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How would I go about setting the menu so that the item to the right of the selected/active menu item does not have a background image.

Example with no selected state, just to show how the small 3px width separator, is added

ul li {
    background: url(nav-seperator.gif) no-repeat right top;

no selected state

Next, I need to add a selected state using a repeating background image: a, li a:hover {
    background: url(nav-active-repeat.gif) repeat-x;

Like the example below:

enter image description here

Although the part I want to remove is the part in red:

enter image description here

I would like it to look like this:

enter image description here

Ideally I would like to use only CSS and without adding the class to the next item.

I have created a basic version here:

EDIT: I have added the print screen of the JSfiddle and the design so you can easily compare and will notice the small image to the right of the selected menu item.

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I don't really understand your question. – Dennis Traub Sep 26 '11 at 11:13
Updated with a new image that should explain what I mean further – John Magnolia Sep 26 '11 at 11:20
So you're saying that you want a menu that doesn't use images? – Andres Ilich Sep 26 '11 at 11:22
Sorry, John, I still don't understand. Maybe you want to rephrase your question? – Dennis Traub Sep 26 '11 at 11:24
I think his problem is the white 1px line next to the blue box because of his separator image. – Kokos Sep 26 '11 at 11:28

2 Answers 2

up vote 2 down vote accepted


If by "item to the right" you mean the separator image, all you need to do is add a margin right or left that overlaps the image and add the missing pixels to the padding or margin So if I had an initial padding of 21px my resulting CSS for on hover could be a, li a:hover {
    margin-left: -2px;
    padding-left: 23px;

Of course, there are other ways to overlap that image, but that's how I do it. In your current example, this will not work, since the separator is in a different element and overlapping it would not render above it, but below it.

The example below will show you how to properly implement it.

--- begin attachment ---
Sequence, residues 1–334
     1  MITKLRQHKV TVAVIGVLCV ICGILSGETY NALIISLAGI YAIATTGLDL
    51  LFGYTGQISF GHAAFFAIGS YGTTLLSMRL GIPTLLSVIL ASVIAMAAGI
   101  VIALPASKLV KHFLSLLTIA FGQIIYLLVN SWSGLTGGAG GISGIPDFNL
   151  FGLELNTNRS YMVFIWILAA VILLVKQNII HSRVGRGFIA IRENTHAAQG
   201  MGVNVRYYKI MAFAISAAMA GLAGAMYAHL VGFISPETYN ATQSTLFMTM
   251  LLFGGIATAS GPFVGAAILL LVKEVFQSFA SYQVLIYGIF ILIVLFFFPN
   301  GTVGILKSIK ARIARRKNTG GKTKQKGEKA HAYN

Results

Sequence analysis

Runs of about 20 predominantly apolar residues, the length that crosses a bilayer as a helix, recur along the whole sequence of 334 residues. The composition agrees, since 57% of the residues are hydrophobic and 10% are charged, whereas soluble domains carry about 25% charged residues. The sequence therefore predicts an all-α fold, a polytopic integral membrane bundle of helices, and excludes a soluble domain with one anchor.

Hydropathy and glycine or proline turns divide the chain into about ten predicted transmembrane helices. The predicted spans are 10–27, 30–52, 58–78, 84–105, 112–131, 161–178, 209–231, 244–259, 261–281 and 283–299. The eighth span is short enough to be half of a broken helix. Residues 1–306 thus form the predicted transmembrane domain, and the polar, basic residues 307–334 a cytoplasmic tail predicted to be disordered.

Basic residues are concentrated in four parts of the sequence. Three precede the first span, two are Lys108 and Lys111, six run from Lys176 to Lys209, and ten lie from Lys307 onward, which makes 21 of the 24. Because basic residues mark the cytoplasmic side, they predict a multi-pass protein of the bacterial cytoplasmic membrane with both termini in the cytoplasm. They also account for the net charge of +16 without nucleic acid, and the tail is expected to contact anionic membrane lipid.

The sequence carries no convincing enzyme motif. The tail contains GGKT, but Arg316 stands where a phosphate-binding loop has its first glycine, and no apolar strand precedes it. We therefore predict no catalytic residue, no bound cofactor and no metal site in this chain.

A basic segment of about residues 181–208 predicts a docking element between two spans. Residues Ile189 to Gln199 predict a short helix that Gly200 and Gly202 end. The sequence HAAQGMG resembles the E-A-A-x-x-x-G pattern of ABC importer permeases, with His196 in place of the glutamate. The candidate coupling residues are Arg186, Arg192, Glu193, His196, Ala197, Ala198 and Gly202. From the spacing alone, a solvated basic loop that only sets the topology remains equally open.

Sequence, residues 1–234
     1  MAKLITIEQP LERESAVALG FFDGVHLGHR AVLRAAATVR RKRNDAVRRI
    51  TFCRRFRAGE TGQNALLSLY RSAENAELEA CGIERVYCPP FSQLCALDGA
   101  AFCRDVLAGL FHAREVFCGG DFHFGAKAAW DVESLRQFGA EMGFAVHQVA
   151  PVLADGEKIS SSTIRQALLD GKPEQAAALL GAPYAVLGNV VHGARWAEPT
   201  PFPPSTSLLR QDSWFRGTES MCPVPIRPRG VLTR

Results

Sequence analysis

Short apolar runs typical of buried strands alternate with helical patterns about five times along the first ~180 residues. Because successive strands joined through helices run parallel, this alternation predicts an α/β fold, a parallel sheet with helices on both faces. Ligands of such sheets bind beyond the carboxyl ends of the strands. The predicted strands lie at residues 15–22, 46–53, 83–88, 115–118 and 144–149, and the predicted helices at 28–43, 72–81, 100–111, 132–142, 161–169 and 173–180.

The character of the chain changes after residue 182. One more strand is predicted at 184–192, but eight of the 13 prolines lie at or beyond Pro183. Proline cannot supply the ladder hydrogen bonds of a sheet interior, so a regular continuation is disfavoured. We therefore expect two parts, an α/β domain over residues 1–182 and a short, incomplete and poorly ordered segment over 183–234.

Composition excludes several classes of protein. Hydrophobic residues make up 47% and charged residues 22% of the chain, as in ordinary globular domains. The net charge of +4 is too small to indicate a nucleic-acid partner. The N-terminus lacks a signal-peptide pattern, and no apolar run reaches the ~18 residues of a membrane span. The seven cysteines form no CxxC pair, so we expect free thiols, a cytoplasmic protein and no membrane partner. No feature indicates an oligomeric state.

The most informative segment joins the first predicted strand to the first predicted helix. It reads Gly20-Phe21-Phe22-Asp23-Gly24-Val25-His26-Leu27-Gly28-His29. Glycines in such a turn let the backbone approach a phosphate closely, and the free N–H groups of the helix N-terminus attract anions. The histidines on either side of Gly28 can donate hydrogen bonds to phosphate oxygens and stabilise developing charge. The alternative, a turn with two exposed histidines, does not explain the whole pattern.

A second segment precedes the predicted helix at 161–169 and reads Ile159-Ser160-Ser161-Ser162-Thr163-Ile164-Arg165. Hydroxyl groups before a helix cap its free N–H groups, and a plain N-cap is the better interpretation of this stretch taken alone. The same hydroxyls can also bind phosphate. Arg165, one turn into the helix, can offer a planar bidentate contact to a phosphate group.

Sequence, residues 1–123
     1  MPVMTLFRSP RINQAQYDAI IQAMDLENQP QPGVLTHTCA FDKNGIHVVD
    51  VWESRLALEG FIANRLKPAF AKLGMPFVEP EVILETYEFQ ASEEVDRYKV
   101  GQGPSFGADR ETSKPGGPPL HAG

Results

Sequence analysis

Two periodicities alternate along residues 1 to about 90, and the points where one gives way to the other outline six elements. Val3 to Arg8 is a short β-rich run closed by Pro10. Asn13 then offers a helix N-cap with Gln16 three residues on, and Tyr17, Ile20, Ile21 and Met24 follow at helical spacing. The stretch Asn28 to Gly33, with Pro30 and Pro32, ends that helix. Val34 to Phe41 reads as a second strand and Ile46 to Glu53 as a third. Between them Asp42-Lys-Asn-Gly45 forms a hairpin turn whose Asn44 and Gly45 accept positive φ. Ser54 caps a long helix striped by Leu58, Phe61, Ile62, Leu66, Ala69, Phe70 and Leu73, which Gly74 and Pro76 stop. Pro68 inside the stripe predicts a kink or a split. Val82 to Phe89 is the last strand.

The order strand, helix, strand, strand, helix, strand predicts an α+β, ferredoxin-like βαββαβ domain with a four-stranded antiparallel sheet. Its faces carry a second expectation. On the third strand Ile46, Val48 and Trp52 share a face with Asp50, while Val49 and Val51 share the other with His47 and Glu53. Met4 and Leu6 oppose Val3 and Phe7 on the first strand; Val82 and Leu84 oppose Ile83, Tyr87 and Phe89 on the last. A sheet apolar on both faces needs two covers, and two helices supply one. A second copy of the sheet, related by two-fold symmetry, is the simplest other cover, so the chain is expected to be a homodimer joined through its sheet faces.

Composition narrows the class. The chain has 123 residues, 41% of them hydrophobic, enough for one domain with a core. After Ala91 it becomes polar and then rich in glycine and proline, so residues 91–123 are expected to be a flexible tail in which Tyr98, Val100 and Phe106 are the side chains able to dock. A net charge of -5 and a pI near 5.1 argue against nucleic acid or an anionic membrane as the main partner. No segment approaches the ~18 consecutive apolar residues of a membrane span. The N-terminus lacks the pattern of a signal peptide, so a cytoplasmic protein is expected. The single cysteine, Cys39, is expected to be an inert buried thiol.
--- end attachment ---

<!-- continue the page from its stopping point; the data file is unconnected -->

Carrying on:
Here's an example using only two images: background and separator. The example also demonstrates how to use CSS classes properly, without having to add a new class for each new element. If you want to add a background specifically for the first li element, ie. a selected background with a rounded corner just add this code a, li:first-child a:hover{
    background: url(...);

as this has a higher specificity, it will override the previous hover instructions for that element.


I would suggest you stopped using separate images for every navigator element. You might be better off with one background image and a separator. Using image-only based navigation has several downsides, the biggest ones search engine crawlers and image quality, scaling and rendering in different browsers.

share|improve this answer
I use the same sprite image for each navigation element and ensure that the text is also read able for search engines. Also when I test your example in IE7 it doesn't work and causes a strange flicker on hover. – John Magnolia Sep 26 '11 at 14:40
Mm, well I don't expect people to use IE7, or any other version of that crappy browser, except when they want to bang their head against the wall. IE never play nice with other browsers. Anyway, here's the fix for that. It's nice having a navigation without the need to go to an image editing software when you have to change the title. This enables easy editing. Like I said, there are many downsides using it the way you are. – ShadowScripter Sep 26 '11 at 15:07

This would be possible using the + combinator (see, but only if you switched it around so that the separator image sits to the left instead of to the right:

{ background: url(nav-seperator.gif) no-repeat left top; }, li:hover
{ background: url(nav-active-repeat.gif) repeat-x; }
{ background: none; } + li, li:hover + li
{ background: none; }

The problem you get instead is now you don’t have a separator at the end. Of course, you could just add a dummy <li> to the end:

{ width: 10px; }
{ background: none; }

Be advised, however, that + does not work in Internet Explorer 6, and :last-child does not even work in Internet Explorer 7 (the latter being easily solved by using .last instead).

Personally, though, I would use Javascript to solve this. It’s slightly too complex to be solved conveniently using only CSS right now.

If we had universal CSS3 support, it would be a different matter. Then we could easily add the rightmost separator in any number of ways (multiple backgrounds, li:last-child::after, etc.). Of course, sometimes you can rely on good CSS3 support, such as when you’re only targeting mobile WebKit.

share|improve this answer
Damn, why didn’t I see the obvious margin-left: -3px solution. – Daniel Brockman Sep 26 '11 at 12:13
Yes but I see where your going with this way and maybe I can use it in the future. Thanks – John Magnolia Sep 26 '11 at 14:32
Thanks for the upvote! Good luck! – Daniel Brockman Sep 26 '11 at 14:32

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